I am traveling today, so posts will be light. BIO 2014 was a good conference this year. Numbers seem to be up and the business forum was bustling with activity. Earlier this week we had articles talking about the trends in biotech. These are my takeaways from the Erst & Young session at BIO.
But first lets review what has been going on for the past 12 months.
This are going well for the commercial leaders in the pharma industry. These leaders are designated as having more than $500k in revenue, which equals about 75% of the market cap for the industry.
For this group in the past year there was a 13% increase in revenue which about a 3-4 x growth rate and a resulting market performance up 74%. The investment community has helped fuel this growth with $9.4B investment into the community, spurning a new group of IPO’s who collectively raised up to $3.4B. The IPO market for the community continues to grow to near early 200’s levels, but there is no concern about another bubble, instead this is being classified as a boom for the industry. The IPO’s are driven by technology and market leaders, they are more mature companies the majority of which completing Phase II clinical trials before IPO.
One trend that was anticipated over this past year was an increased in activity of M&A and alliances. Pharma companies have been busy with transactions, but they have been focusing on looking at their own portfolios and making strategic directions. It is expected that there will be an increase in deals, over the past year. The buying capacity of the pharma industry has increased by 55% over the past year. However, they will face more competition for deals, and many of the bio companies they would have targeted are larger and more expensive now, which will complicate things.
Trends to watch in the next 12 months.
My two main takeaway points from BIO 2014 was that pharma will be doing the right work and doing the work right. And this is primarily in regards to addressing the value leakage in the product lifecycle. It is not enough to have a innovative idea any more that idea must demonstrate their eventual market value and efficient R&D process.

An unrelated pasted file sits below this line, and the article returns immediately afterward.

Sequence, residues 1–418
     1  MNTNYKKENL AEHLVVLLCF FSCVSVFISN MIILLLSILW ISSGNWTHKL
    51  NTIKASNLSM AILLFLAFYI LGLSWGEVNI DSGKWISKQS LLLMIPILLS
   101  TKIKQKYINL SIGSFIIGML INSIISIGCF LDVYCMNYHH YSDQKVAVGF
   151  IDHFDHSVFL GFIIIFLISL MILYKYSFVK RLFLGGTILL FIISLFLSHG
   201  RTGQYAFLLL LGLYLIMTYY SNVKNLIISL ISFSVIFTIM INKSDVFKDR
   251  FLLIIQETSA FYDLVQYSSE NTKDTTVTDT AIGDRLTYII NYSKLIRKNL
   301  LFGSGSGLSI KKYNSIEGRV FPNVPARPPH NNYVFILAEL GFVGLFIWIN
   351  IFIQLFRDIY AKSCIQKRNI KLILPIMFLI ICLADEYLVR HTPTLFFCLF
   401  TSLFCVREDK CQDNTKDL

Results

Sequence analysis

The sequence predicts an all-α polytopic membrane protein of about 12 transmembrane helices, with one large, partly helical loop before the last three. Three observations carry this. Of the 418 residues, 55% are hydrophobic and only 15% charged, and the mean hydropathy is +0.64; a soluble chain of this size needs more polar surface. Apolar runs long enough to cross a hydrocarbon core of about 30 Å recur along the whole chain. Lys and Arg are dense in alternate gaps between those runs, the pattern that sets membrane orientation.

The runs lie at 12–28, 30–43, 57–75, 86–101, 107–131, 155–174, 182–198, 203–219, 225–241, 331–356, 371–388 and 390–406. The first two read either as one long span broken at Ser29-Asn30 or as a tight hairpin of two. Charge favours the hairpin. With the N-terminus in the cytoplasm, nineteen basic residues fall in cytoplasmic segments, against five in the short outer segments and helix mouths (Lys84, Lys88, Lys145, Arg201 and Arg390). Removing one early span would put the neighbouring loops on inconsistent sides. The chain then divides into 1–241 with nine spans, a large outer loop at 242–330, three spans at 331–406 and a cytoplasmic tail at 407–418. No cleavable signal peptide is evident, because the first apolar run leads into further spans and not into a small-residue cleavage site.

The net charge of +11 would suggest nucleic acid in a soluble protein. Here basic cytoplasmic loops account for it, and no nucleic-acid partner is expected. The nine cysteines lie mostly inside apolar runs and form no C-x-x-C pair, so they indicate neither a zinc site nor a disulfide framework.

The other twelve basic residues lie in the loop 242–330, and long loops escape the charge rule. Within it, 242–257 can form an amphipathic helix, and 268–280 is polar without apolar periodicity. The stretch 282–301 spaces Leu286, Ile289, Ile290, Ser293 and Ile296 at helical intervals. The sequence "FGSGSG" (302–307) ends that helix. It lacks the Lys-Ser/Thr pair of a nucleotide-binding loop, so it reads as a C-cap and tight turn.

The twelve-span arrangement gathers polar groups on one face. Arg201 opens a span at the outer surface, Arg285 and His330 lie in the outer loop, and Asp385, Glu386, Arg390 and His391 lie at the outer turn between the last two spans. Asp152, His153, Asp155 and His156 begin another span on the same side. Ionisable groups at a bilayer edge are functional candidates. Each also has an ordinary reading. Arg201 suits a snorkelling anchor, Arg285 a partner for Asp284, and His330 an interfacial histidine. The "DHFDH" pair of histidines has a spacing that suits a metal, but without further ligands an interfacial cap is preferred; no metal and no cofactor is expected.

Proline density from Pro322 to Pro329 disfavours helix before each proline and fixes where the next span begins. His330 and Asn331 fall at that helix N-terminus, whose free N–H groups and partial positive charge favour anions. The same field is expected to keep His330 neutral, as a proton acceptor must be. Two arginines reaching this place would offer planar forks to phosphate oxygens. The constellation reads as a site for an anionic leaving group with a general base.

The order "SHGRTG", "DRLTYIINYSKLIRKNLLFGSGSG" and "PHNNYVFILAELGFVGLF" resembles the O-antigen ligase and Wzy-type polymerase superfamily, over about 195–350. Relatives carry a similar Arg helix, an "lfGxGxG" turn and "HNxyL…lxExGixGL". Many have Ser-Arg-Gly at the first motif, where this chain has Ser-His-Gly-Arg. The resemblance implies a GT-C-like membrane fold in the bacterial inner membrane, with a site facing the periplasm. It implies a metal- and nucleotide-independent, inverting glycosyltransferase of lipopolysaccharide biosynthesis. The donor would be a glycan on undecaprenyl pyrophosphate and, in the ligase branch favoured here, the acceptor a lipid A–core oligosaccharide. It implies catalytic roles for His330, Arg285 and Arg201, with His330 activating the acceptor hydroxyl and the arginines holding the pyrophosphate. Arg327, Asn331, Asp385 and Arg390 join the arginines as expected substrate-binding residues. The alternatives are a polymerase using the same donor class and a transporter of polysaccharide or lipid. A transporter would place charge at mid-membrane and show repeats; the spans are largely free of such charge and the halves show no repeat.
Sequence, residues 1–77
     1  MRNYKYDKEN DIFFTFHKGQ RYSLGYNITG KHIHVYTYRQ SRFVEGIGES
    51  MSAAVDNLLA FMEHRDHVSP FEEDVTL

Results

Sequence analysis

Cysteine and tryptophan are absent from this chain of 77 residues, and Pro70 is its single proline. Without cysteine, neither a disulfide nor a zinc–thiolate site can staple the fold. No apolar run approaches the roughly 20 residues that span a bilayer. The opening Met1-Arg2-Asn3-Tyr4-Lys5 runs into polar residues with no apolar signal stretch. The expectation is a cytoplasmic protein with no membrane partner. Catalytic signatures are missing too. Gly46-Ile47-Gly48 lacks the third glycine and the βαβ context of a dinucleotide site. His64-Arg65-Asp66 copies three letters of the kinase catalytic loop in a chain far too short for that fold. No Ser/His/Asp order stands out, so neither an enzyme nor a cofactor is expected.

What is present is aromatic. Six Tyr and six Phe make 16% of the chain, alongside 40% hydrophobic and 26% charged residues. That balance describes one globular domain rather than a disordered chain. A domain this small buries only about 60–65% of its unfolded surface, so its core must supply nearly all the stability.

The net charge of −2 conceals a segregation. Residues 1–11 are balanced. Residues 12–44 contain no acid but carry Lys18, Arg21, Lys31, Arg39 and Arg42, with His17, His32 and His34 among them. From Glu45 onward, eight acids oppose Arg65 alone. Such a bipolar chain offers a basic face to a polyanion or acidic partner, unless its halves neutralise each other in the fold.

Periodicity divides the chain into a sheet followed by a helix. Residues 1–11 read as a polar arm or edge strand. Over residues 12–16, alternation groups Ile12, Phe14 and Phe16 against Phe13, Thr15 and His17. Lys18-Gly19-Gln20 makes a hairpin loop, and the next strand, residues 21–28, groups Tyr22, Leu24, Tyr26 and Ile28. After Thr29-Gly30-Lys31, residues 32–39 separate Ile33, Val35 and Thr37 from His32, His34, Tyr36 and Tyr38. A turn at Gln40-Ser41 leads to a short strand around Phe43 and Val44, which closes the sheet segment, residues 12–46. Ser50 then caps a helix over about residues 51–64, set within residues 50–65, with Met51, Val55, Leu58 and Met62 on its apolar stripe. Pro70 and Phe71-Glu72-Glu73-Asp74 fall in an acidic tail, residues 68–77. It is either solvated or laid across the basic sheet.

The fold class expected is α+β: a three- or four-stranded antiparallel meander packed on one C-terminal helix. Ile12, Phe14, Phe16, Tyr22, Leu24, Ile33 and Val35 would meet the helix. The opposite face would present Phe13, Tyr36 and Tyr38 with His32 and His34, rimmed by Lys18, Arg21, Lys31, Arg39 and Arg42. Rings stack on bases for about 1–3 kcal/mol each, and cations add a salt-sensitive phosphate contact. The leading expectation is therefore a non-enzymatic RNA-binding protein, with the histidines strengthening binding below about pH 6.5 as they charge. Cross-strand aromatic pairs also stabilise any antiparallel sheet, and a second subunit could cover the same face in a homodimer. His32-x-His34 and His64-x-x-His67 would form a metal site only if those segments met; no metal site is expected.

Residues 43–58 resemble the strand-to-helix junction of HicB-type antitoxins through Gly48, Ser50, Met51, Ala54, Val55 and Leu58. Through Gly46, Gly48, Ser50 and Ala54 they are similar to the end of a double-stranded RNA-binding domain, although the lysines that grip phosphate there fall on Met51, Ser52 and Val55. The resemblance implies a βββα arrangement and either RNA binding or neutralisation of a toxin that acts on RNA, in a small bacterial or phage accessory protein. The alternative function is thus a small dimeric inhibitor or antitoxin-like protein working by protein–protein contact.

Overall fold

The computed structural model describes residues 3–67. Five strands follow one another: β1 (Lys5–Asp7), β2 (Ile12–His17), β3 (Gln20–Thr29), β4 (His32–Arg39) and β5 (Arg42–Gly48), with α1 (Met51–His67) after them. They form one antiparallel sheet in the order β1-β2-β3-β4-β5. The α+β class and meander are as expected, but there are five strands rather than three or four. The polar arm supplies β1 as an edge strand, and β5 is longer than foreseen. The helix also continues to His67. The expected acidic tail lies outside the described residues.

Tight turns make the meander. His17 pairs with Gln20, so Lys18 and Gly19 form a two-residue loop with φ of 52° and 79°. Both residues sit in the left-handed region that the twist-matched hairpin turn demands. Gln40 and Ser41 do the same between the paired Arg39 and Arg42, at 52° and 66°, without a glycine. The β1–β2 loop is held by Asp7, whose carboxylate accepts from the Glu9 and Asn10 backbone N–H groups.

There are 4 main value levers that companies must hit to help ensure success in the changing investment landscape, increase probability of success, reduce capital invested, shorten development time, and increase sales.
Precision Medicine is one area where they anticipate value to be unlocked, addressing all of the value levers above. Right now it is mostly confined to oncology with only has 8-12% of drugs in the pipeline using biomarkers.
Oncology drugs with a corresponding bio marker and a 53% success rate in getting through trials, as opposed to 23% for those drugs with out a marker identified.
Questions about reimbursement of diagnostic tests and medical interpretation (education of physicians, they need to know how to read the tests) are challenges still facing the precision medicine.
Adaptive Trials are also hitting on most of the value levels listed above.
An adaptive clinical trial is a clinical trial that evaluates patients’ reactions to a drug beginning early in a clinical trial and modifies the trial in accord with those findings. The adaptation process continues throughout the trial. Modifications may include dosage, sample size, drug undergoing trial, patient selection criteria and “cocktail” mix.
In some cases, trials have become an ongoing process that regularly adds and drops therapies and patient groups as more information is gained. The aim is to more quickly identify drugs that have a therapeutic effect and to zero in on patient populations for whom the drug is appropriate. A key modification is to adjust dosing levels.Traditionally, non-adverse patient reactions are not considered until a trial is completed
Adaptive trials provide better capital allocation freeing up capital that can be used in other areas, but currently only 20% of clinical trials involve some type of adaptive design.
These two major trends are expected to push pharma partnerships this next year. Primarily with CRO’s, health-tech companies, and obviously diagnostics companies.
What do you think about these trends, did the experts get the right?